Healthcare expenditure and its socio-demographic and clinical predictors in Australians with poorly controlled asthma

Stella T. Lartey, Thomas Lung, Sarah Serhal, Luke Bereznicki, Bonnie Bereznicki, Lynne Emmerton, Sinthia Bosnic-Anticevich, Bandana Saini, Laurent Billot, Ines Krass, Carol Armour, Stephen Jan

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Asthma has substantial and increasing health and economic burden worldwide. This study aimed to estimate healthcare expenditure and determine the factors that increase expenditure in Australians with poorly controlled asthma.

Individuals ≥18 years of age with poorly controlled asthma, as determined by a score ≥1.5 on the Asthma Control Questionnaire, were included in the study. Healthcare utilization costs from medical services and medications were estimated over an average follow-up of 12 months from administratively linked data: the Medicare Benefits Schedule and Pharmaceutical Benefits Scheme. A generalized linear model with gamma distribution and log link was used to predict participants’ key baseline characteristics associated with variations in healthcare costs.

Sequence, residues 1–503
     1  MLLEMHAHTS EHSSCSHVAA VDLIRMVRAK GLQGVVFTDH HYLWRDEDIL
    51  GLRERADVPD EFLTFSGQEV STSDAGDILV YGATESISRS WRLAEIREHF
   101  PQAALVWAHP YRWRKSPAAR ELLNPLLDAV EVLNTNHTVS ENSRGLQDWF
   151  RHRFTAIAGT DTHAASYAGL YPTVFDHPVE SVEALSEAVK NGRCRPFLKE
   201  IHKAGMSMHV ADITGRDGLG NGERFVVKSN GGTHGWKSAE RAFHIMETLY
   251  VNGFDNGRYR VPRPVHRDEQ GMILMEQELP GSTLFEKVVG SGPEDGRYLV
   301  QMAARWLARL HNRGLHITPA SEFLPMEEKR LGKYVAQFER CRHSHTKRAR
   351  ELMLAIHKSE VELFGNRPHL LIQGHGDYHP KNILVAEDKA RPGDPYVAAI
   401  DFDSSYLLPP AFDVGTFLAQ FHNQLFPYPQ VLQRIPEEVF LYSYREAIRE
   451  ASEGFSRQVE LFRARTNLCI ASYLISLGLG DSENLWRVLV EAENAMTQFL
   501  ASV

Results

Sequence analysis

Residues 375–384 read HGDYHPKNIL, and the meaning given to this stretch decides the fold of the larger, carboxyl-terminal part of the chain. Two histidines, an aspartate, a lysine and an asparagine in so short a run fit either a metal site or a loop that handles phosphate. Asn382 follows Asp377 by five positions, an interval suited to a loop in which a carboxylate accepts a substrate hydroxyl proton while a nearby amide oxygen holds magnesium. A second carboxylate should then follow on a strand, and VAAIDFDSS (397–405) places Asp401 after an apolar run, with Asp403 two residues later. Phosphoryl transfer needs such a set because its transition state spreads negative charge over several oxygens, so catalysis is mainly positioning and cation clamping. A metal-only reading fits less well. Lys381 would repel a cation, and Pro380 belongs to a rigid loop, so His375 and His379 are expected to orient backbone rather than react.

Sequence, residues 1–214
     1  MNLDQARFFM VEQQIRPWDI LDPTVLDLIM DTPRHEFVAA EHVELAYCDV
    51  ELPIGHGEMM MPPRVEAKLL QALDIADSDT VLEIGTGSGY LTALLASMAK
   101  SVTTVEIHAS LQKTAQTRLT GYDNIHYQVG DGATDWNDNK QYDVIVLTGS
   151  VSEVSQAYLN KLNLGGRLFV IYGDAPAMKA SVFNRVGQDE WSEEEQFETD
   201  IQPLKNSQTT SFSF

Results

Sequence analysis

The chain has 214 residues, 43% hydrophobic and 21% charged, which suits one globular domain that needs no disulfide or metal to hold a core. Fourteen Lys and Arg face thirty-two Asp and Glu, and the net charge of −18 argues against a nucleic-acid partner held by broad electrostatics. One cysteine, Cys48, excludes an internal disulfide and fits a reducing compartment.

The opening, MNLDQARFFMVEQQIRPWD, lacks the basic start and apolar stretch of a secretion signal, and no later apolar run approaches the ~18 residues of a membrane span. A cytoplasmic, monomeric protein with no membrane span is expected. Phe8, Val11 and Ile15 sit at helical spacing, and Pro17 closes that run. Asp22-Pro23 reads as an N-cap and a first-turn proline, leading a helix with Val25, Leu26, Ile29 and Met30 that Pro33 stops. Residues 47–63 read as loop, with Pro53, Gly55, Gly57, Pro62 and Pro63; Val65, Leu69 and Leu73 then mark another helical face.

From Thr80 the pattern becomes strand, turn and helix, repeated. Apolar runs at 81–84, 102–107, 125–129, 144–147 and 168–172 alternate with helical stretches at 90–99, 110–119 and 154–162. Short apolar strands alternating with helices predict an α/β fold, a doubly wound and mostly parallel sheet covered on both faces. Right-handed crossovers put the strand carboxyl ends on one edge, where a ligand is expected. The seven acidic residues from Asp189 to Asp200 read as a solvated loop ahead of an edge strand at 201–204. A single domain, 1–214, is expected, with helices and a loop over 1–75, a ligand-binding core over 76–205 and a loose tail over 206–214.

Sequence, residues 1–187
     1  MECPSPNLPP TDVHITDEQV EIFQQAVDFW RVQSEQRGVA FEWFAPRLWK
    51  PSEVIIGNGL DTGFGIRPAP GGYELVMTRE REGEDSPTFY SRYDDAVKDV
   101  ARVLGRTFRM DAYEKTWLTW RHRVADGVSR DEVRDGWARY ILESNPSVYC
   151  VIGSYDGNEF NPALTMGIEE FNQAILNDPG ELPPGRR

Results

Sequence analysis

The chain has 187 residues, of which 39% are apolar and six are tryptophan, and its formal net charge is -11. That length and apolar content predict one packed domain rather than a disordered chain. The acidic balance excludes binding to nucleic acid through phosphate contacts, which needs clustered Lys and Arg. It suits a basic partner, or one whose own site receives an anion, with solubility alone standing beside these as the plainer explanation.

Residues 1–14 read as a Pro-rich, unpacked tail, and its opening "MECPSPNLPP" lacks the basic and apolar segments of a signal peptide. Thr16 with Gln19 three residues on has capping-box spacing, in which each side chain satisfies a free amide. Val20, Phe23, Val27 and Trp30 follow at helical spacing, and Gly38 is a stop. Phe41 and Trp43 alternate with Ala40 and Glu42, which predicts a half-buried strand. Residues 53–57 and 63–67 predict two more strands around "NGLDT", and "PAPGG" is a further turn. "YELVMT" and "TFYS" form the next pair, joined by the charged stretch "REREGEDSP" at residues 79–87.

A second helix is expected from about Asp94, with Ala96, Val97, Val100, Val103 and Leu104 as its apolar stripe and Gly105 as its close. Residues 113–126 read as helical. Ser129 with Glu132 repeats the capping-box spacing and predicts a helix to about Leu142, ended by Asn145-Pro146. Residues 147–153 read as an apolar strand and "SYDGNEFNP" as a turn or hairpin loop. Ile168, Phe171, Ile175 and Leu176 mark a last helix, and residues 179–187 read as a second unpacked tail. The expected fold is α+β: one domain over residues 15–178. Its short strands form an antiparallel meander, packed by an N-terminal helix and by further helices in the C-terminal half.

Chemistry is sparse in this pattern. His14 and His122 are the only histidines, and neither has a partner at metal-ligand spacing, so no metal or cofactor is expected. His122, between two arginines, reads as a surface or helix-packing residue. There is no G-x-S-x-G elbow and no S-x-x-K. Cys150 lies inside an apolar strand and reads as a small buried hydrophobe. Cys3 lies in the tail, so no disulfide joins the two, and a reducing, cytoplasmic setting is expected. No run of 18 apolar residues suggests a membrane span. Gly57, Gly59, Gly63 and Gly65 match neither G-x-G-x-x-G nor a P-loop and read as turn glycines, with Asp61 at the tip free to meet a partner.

A total of 341 participants recruited through community pharmacies were included. The mean (standard deviation, SD) age of participants was 56.6 (SD 17.6) years, and approximately 71% were females. The adjusted average monthly healthcare expenditure per participant was $AU386 (95% CI: 336, 436). On top of the average monthly costs, an incremental expenditure was found for each year increase in age ($AU4; 95% CI: 0.78, 7), being unemployed ($AU201; 95% CI: 91, 311), one unit change in worsening quality of life ($AU35; 95% CI: 9, 61) and being diagnosed with depression and anxiety ($AU171; 95% CI: 36, 306).

In a cohort of Australian patients, characterized by poor asthma control and co-morbidities individuals impose substantial economic burden in terms of Medicare funded medical services and medications. Programs addressing strategies to improve the quality of life and manage co-morbid anxiety and depression and encourage asthma patients’ engagement in clinically tolerable jobs, may result in significant cost savings to the health system.
Original languageEnglish
Article numbere0279748
Pages (from-to)1-16
Number of pages16
JournalPLoS ONE
Issue number1
Publication statusPublished - 5 Jan 2023
Externally publishedYes

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Copyright the Author(s) 2023. Version archived for private and non-commercial use with the permission of the author/s and according to publisher conditions. For further rights please contact the publisher.


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